The I-80 West runs what seems an everlasting route to my childhood home. It’s an unfurled thread set out between me and this place—tied to my heart on one end and a house on the other. It’s two long, slack guitar strings that quiver over the desert, that slowly tune themselves into mousetrap coils that climb and pitch and sway over Donner Summit, and eventually descend into the melody of the central valley: fields, foothills, dots of live oak.
At home, I imagine the preparations for our return carry on a bit of their own tune, and there is a hustle and bustle done by my parents (who are now grandparents), my mother in a striped apron, my dad running out to Costco “one last time,” a welcome banner hung for the children, the beds fresh and turned down for the grandkids.
On the road there is a different sort of scurry. It’s the first time in six years that all five of my parents’ children will be coming home at the same time, the first time we will spend a holiday together in longer than that, and the first time we return with an extra seven grandbabies—cousins who know each other but have never played together all at once. The oldest few remember what it was like (that cacophony of so much family around, the persistence of food), but they were little back then, and they are excited, and the drive seems too long to bear.
It’s too long for me too. There is too much snow on the road when we begin, and though the sky is brilliant and clear, the road is dangerous and our progress is slow. I am eating chocolate covered pretzels and Clementines with such distraction, absently, gazing out the window and seeing everything, and nothing. I’m nervous. My stomach is in knots at the prospect of the reunion—will it be ok? Will we get along? Can bygones—as they say—actually be bygones?
Six hours into the trip, I’m texting with my siblings:
“Stuck in traffic on the grapevine.” (Coming up from L.A.)
“Bumper to bumper for hours!” (Driving south from the Pacific Northwest)
My texts back are like this:
“All clear on the roads outside Tahoe, but inside the car…puking.” (Because while my son’s two Butterfingers and can of Pringles from the gas station seemed like a fun meal...)
Eventually, we dissolve from our puking and whimpers and whining into a semblance of homeostasis because we have relented into the beating that is a 12-hour road trip, and we play dead to make it stop. The children stare into space, vacant; the baby’s pleas are less impassioned. This heavy silence is broken only by the need for dirty bathrooms found in dirty gas stations that seem to be invisible on the horizon, and then sudden—a prick of light in a deepening purple sky.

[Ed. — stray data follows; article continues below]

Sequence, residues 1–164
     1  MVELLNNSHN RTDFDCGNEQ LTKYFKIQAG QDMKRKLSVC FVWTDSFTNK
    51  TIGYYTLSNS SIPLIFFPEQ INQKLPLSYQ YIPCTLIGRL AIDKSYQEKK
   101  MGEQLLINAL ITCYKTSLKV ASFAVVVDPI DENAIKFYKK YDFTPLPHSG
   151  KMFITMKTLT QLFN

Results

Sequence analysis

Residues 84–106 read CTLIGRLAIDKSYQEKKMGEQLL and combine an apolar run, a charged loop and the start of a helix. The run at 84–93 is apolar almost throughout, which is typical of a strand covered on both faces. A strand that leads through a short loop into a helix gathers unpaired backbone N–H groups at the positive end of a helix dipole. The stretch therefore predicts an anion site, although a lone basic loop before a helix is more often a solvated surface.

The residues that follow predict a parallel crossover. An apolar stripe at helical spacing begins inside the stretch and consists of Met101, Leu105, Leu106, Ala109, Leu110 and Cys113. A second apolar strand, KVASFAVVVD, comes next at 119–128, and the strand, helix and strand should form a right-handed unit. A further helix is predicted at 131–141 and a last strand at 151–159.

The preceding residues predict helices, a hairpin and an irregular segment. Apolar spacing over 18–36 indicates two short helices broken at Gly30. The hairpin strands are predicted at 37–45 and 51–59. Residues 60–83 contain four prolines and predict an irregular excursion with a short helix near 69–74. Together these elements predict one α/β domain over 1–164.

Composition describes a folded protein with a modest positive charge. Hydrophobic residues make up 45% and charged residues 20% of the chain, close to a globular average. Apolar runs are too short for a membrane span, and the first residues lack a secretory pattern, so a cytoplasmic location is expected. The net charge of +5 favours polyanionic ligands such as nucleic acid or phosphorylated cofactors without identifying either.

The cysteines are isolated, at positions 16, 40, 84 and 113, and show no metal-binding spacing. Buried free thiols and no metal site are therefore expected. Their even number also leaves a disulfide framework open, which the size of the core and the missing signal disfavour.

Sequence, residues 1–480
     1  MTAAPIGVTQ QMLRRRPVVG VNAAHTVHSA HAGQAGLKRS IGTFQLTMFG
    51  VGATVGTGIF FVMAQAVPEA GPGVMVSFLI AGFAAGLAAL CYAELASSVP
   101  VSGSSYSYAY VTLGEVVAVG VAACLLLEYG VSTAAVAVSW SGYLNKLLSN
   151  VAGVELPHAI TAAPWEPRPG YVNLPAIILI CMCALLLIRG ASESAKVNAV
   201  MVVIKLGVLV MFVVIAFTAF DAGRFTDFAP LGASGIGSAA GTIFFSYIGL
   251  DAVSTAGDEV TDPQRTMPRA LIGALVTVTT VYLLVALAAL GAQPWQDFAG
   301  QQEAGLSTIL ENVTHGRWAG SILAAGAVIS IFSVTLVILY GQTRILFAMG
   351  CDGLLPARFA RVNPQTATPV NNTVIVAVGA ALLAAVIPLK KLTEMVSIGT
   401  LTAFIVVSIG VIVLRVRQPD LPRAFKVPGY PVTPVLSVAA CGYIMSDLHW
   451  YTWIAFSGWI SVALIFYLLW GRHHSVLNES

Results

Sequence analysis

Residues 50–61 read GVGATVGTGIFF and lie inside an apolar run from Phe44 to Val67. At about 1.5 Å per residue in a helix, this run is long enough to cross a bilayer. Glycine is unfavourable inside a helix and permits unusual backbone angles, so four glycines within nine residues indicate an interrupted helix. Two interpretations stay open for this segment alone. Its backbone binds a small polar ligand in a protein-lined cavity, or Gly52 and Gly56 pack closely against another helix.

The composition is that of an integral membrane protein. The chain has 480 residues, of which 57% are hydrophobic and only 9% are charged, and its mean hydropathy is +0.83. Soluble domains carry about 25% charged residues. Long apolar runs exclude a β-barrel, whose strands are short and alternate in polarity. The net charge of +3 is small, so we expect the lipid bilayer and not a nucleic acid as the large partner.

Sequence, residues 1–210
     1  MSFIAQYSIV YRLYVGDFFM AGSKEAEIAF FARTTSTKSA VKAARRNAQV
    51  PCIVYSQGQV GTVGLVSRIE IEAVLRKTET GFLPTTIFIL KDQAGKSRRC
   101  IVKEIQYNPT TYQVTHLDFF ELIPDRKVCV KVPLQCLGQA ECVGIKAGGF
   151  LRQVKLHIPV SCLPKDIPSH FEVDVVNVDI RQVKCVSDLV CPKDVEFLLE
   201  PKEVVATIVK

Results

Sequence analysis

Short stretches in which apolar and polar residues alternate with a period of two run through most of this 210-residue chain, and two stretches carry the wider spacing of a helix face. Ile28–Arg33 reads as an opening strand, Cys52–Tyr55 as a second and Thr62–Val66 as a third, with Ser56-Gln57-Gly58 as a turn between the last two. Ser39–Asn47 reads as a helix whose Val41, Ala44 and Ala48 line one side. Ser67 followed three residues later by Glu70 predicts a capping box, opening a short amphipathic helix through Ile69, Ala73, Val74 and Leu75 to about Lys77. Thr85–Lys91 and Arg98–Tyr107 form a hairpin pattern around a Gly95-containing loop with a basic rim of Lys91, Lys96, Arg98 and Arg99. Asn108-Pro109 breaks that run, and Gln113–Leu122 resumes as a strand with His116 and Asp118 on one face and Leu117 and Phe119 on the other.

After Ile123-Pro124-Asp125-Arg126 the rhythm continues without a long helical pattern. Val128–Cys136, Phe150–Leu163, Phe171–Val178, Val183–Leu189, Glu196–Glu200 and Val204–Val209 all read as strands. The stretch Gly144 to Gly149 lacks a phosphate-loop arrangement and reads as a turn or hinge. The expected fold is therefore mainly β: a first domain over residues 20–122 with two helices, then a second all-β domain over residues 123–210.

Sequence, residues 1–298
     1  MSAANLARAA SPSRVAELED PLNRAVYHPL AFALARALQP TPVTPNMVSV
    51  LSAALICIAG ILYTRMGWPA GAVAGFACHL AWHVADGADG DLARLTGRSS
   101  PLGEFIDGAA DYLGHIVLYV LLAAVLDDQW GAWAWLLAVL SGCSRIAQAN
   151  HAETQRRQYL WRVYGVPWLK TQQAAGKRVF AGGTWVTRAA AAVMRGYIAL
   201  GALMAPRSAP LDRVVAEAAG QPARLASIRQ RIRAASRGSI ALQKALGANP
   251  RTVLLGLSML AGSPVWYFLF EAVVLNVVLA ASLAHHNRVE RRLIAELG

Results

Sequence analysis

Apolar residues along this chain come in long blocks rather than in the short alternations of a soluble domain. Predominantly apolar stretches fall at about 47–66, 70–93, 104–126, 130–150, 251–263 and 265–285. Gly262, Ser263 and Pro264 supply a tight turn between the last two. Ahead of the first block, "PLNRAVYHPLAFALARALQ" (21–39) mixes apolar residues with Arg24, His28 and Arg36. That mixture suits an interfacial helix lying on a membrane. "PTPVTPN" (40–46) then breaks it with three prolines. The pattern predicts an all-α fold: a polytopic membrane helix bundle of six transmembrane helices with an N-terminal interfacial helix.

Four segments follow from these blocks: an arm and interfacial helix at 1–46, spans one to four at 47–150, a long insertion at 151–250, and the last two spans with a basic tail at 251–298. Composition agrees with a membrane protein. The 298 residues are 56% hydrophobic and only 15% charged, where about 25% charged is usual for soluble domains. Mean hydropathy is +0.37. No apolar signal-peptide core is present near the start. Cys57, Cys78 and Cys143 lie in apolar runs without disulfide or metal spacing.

We are so close at this point. My anxiety replaced by the need to get there, to see the green exit sign illuminated by headlights, to click through the dozen or so stoplights that barricade us from our destination and make the unbearable last few minutes even more so.
And then just when I think I can’t take it anymore, the pressure explodes the balloon of emotion that was ever tightening inside my chest and—pop—I’m home. And I’m unbuckling my seat belt and taking my time while the kids run in screaming. And there are crowds and hugs and leftovers from dinner doled out and road conditions described and motions for bed, but the room is golden, and no one wants to sleep.
When I am finally lying down that night I am exhausted, and my limbs are heavy and sink into the mattress, into oblivion. My consciousness starts to follow but first I think this thought, over and over: that was so normal, that was so normal, thatwassonormal…
Like, strangely normal. And so familiar that, even though it was a brand new moment, seemed to have been lived almost a million times before: the entire family crowded around the white fireplace, the chatter bouncing off the tile like a well-versed call and response, the laughter in waves and crescendos, the remembered gestures of teasing, of loving, of coming home.
I don’t want to be trite or cute, for I believe this with my entire being: that trip was like life. Sometimes hard (sometimes funny) sometimes difficult (sometimes ridiculous) sometimes perfect (sometimes perfectly crappy). It was a trip that was more than an interstate, more than a few sparring siblings, more than us—but all about us. It was a journey longer than a 12-hour road trip with a genesis that began years prior, when tragedies struck and fights happened, and our decision to not be together unwittingly instigated God’s decision for our fated reunion—on his timeline, but certain.
Do you think that’s what heaven will be like?
It’s just that in this case heaven was a house in California, shaded by redwoods and burdened by squirrels, but the players were all the same.
Brooke Benton, a wife to Aaron and mother to four lives in Utah. She's a published writer and accomplished reader. She a baker, a snowboarder, a mountain biker and a runner, but any sort of fun is taken seriously. You can read her blog at brookebenton.blogspot.com.
I am C. Jane Kendrick and Brooke is one of my favorite people I've ever met. Now you know why. You can contact me personally at cjanemail @ gmail.com or leave comments on my facebook page and if you are on twitter you can find my tweets here. But no pressure.